May 06, 2013

Discovering Secrets

This morning I learned my two children were planning to make juice this afternoon.

Not just any juice: George Juice.

Thank you, PBS and the makers of Curious George...

I learned in a back-hand way that my kids intended to combine red fruits and veggies ("And try a piece of raw fish as the secret ingredient!" said my daughter) to copy the juice George makes in one episode.

I said, "Mmm-hmm." I asked if they knew how much the fruits/veggies cost. I asked if they knew what 'in season' meant. I asked if they were intending to pay the cost for the ingredients. Answers to all of these questions were "no". (Daughter told me at this point that SHE was only going to make pretend juice.)

The cost really isn't that bad for the ingredients, but my inner revolt is in the matter-of-fact assumption that I will just fall in line with what they've decided. Especially when that decision takes time, prep work (whole watermelon + juicer = bad juju) and energy. Not to mention clean-up. I wish George's juice wasn't red. It stains more than most colors.

Just as I start to simmer about their assumption and imposition on me, I remember a 2nd-grader telling her mom excitedly about the crafty valentines she was going to make for her classmates. I didn't ask my mom to make them, but I did have a Jeeves attitude about getting the supplies (as in, "Supplies of this sort by this afternoon, Jeeves!"). She got them for me. It wasn't until this past year that I realized how rude my attitude must have been--but she still got them for me.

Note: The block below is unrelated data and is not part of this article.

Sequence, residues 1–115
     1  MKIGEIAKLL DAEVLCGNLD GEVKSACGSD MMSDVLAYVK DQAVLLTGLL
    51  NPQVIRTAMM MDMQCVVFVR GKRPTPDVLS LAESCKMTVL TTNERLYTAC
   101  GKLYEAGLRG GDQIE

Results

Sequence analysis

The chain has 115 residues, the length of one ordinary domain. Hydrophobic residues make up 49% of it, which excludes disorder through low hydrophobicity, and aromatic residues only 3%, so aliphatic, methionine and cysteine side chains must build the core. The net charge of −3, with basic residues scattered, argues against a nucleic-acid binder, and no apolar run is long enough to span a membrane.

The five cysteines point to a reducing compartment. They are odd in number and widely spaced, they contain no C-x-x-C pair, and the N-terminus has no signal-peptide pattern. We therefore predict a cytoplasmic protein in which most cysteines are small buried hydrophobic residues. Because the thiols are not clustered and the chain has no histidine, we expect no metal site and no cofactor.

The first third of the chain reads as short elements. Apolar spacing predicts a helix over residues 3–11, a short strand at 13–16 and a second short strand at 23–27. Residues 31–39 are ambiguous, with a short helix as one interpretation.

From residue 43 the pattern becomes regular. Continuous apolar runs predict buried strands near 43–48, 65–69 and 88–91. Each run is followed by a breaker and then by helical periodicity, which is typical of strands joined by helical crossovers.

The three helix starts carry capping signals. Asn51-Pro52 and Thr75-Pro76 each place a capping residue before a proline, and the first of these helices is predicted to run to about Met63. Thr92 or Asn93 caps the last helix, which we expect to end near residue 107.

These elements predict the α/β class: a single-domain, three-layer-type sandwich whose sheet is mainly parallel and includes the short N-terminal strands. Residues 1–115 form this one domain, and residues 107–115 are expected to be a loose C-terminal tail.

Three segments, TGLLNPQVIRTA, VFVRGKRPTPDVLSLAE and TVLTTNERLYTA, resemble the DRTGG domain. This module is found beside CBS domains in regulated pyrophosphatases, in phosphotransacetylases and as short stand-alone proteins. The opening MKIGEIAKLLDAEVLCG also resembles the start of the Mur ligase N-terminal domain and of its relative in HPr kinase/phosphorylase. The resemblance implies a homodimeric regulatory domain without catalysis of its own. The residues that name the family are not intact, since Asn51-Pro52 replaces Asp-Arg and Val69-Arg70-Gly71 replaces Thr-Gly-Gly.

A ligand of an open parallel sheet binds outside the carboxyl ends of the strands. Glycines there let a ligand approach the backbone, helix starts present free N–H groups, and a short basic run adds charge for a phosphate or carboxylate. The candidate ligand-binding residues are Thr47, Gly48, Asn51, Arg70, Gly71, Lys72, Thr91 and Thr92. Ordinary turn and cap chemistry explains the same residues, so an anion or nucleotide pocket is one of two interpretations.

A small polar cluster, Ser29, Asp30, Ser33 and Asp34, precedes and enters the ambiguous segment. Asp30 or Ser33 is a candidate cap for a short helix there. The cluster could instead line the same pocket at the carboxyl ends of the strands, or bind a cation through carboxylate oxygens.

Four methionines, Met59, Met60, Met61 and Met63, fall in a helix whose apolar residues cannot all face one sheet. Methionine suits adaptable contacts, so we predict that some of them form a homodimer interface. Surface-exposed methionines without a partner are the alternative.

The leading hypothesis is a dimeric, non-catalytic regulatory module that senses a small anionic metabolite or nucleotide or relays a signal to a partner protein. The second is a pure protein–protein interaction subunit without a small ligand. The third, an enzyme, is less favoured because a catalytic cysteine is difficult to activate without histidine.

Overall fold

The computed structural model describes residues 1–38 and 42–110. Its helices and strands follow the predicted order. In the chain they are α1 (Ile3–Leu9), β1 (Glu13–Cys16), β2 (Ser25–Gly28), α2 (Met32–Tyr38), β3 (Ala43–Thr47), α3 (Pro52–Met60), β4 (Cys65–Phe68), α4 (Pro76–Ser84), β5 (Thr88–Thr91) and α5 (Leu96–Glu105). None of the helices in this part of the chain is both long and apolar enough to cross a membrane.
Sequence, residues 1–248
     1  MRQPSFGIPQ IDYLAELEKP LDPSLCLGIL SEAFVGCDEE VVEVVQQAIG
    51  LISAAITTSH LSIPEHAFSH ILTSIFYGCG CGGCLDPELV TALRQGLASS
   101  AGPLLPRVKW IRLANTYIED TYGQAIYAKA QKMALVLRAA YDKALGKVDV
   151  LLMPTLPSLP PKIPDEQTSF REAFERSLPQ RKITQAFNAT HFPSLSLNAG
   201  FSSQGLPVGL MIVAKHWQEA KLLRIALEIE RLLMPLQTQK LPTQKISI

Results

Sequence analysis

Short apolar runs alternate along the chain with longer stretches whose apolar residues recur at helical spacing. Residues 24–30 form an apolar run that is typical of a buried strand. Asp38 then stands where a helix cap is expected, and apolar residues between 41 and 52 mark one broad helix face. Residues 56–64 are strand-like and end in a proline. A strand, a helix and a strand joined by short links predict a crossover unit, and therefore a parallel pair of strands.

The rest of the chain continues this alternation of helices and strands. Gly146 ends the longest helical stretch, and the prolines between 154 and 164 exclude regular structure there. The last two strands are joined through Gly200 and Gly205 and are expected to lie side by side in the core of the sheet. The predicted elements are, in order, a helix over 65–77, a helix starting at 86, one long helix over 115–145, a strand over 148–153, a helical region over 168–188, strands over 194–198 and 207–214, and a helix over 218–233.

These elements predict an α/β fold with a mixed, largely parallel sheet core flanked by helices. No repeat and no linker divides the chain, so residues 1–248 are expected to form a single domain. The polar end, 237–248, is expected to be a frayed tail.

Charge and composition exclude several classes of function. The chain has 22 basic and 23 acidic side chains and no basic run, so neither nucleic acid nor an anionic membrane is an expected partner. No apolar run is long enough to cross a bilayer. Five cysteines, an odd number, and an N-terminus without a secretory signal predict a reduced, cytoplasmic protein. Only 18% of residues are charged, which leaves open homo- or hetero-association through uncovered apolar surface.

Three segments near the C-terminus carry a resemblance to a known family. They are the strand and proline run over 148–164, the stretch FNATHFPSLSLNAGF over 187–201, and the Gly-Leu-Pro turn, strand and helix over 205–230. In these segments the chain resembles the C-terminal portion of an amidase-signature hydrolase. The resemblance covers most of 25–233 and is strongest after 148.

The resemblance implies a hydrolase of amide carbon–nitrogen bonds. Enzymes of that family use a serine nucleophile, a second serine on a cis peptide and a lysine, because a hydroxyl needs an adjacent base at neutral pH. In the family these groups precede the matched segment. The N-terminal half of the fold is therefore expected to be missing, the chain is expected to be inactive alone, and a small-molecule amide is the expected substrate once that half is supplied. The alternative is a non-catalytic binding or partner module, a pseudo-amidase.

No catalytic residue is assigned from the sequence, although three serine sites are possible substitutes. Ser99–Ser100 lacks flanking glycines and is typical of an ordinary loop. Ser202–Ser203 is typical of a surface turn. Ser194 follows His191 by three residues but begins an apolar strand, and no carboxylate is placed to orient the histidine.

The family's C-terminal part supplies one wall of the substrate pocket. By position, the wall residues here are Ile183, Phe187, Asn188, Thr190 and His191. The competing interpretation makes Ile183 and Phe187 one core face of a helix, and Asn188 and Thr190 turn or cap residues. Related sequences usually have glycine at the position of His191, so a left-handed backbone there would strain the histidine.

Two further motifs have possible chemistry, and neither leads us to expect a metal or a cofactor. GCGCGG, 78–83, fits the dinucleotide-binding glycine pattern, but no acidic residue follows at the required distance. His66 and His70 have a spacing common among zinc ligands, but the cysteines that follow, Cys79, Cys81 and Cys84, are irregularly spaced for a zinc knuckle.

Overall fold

Then I think of all the times I race down my path and feel irked that God isn't racing along with me. I expect him to foot the bill, arrange the details, and facilitate my ideas. There are times he says no, and times (so many times!) he gives me grace.

Parenting is often two aims in tension. Here, I don't want to fall in the ditch of always saying 'no' because it inconveniences me; I love and cherish my kids' confident trust that I am interested in what excites them. I also value their ready belief that I will help them and provide what's needed. At the same time, I don't want to fall in the opposite ditch and always fulfill each whim. I don't want to leave them blind to what their choices can cost others.

We probably will make the juice later today. My son pointed out we already have a few of the ingredients, and I do love experimenting with them as we learn different things. Abba God, please help me see when my listening turns to assuming you'll jump on board with me.

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